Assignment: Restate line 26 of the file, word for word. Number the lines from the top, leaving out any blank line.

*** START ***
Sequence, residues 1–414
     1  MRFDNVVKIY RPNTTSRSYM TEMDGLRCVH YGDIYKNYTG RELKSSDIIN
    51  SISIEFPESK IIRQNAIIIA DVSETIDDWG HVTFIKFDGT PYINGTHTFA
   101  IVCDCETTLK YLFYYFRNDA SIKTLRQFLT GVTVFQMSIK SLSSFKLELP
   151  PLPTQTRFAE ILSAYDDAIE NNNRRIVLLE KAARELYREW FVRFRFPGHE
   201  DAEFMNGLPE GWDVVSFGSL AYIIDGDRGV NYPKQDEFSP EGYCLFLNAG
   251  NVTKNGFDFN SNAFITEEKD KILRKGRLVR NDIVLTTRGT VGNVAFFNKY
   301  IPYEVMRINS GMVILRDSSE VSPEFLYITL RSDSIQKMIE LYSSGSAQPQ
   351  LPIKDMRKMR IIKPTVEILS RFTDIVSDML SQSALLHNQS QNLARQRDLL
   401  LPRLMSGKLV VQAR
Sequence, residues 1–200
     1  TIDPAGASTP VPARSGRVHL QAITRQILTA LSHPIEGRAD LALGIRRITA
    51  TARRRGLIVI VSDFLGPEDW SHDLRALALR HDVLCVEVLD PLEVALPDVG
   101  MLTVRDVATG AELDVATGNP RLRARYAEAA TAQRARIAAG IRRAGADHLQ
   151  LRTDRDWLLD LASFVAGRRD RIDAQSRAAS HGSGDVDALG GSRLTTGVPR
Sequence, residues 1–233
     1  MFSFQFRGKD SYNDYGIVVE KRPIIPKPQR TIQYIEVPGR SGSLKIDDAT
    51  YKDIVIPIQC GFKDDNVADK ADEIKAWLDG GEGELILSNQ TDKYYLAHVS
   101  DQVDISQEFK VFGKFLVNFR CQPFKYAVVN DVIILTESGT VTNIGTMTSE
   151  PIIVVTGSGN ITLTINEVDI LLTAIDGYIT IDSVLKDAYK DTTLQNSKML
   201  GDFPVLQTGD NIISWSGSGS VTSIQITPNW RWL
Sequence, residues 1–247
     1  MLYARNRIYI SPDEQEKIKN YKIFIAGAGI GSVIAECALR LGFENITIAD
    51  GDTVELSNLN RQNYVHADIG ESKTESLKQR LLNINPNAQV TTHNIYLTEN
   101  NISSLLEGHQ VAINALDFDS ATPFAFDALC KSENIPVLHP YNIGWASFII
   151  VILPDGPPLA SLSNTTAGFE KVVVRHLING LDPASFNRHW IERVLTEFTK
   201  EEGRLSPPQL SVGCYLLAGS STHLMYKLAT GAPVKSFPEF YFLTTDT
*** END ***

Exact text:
   151  VILPDGPPLA SLSNTTAGFE KVVVRHLING LDPASFNRHW IERVLTEFTK